The hospi­tal grow­ing noses, ears and blood ves­sels

... Bri­tish sci­en­tists make cus­tom-made body parts us­ing stem cells

Daily Trust - - DIGEST -

In Lon­don’s Royal Free hospi­tal, sci­en­tists are grow­ing noses, ears and blood ves­sels in the lab­o­ra­tory in a bold at­tempt to make body parts us­ing stem cells. It is among sev­eral labs around the world, in­clud­ing in the U.S., that are work­ing on the fu­tur­is­tic idea of grow­ing cus­tom-made or­gans in the lab.

Only a hand­ful of pa­tients have re­ceived the Bri­tish lab-made or­gans so far - in­clud­ing tear ducts, blood ves­sels and wind­pipes.

But re­searchers hope they will soon be able to trans­plant more types of body parts into pa­tients, in­clud­ing what would be the world’s first nose made partly from stem cells.

‘It’s like mak­ing a cake,’ said Pro­fes­sor Alexan­der Seifalian at Univer­sity Col­lege Lon­don, the sci­en­tist leading the ef­fort. ‘We just use a dif­fer­ent kind of oven.’

Dur­ing a re­cent visit to his lab, Pro­fes­sor Seifalian showed off a so­phis­ti­cated ma­chine used to make moulds from a poly­mer ma­te­rial for var­i­ous or­gans.

Last year, he and his team made a nose for a Bri­tish man who lost his to cancer. Sci­en­tists added a salt and su­gar so­lu­tion to the mould of the nose to mimic the some­what spon­ge­like tex­ture of the real thing.

Stem cells were taken from the pa­tient’s fat and grown in the lab for two weeks be­fore be­ing used to cover the nose scaf­fold. Later, the nose was im­planted into the man’s fore­arm so that skin would grow to cover it.

Pro­fes­sor Seifalian said he and his

Last year, he and his team made a nose for a Bri­tish man who lost his to cancer. Sci­en­tists added a salt and su­gar so­lu­tion to the mould of the nose to mimic the some­what sponge-like tex­ture of the real thing.

team are wait­ing for ap­proval from reg­u­la­tory au­thor­i­ties to trans­fer the nose onto the pa­tient’s face but couldn’t say when that might hap­pen.

The po­ten­tial ap­pli­ca­tions of lab­made or­gans ap­pear so promis­ing even the city of Lon­don is get­ting in­volved.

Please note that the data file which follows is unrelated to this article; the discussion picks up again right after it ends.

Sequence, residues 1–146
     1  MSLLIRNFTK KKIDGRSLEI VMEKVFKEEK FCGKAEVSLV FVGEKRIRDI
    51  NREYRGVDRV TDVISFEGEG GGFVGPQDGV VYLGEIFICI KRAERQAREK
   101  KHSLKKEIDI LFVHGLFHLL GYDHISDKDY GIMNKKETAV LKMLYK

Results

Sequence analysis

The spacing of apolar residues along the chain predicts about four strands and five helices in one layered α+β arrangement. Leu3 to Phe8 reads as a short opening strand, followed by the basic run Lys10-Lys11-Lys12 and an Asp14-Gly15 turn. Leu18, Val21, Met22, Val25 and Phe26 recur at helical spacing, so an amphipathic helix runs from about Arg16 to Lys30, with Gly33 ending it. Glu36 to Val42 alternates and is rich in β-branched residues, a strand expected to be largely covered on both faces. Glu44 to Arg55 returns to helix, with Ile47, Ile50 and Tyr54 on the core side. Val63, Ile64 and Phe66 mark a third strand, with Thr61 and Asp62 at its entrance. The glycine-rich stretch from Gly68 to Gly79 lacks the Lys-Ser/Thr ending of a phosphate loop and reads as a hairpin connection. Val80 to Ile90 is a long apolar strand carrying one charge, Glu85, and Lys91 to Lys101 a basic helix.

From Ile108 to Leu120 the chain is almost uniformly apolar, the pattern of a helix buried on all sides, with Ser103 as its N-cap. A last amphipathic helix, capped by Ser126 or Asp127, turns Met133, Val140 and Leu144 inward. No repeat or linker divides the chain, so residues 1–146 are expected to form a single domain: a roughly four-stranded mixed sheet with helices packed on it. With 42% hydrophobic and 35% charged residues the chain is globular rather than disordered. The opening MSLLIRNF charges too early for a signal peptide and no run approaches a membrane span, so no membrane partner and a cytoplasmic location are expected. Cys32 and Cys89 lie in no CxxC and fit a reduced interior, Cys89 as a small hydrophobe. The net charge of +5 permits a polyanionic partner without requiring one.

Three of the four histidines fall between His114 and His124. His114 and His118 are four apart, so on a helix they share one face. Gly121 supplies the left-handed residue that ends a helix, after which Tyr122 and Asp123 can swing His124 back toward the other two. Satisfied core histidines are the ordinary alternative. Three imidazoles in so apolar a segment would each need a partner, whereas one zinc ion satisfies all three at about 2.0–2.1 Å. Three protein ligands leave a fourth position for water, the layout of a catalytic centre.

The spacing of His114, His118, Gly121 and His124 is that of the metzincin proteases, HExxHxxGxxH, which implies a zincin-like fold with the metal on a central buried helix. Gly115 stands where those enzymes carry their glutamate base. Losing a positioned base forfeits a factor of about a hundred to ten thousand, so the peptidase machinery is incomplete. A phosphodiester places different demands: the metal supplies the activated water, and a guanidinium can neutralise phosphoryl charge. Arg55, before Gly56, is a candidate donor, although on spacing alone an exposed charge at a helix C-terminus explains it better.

The poly­mer ma­te­rial used for his or­gan scaf­folds has been patented and Pro­fes­sor Seifalian has also ap­plied for patents for their blood ves­sels, tear ducts and wind­pipe.

He and his team are cre­at­ing other or­gans in­clud­ing coro­nary ar­ter­ies and ears. Later this year, a trial is sched­uled to start in In­dia and Lon­don to test lab-made ears for people born with­out them.

Some sci­en­tists pre­dicted cer­tain lab-made or­gans will soon cease to be ex­per­i­men­tal.

‘I’m con­vinced en­gi­neered or­gans are go­ing to be on the mar­ket soon,’ said Su­chi­tra Su­mi­tran-Hol­gers­son, a pro­fes­sor of trans­plan­ta­tion bi­ol­ogy at the Univer­sity of Gothen­burg in Swe­den. She has trans­ferred lab­made blood ves­sels into a hand­ful of pa­tients and plans to of­fer them more widely by 2016, pend­ing reg­u­la­tory ap­proval.

Still, she ac­knowl­edged doc­tors will have to watch closely for any long-term side ef­fects, in­clud­ing the pos­si­bil­ity of a higher cancer risk.

The Royal Free hospi­tal in north Lon­don is among sev­eral in the world, that are work­ing on the fu­tur­is­tic idea of grow­ing cus­tom-made or­gans in the lab. Dr Michelle Grif­fin, who is work­ing at the lab, said ears (top right) are harder to make than noses...

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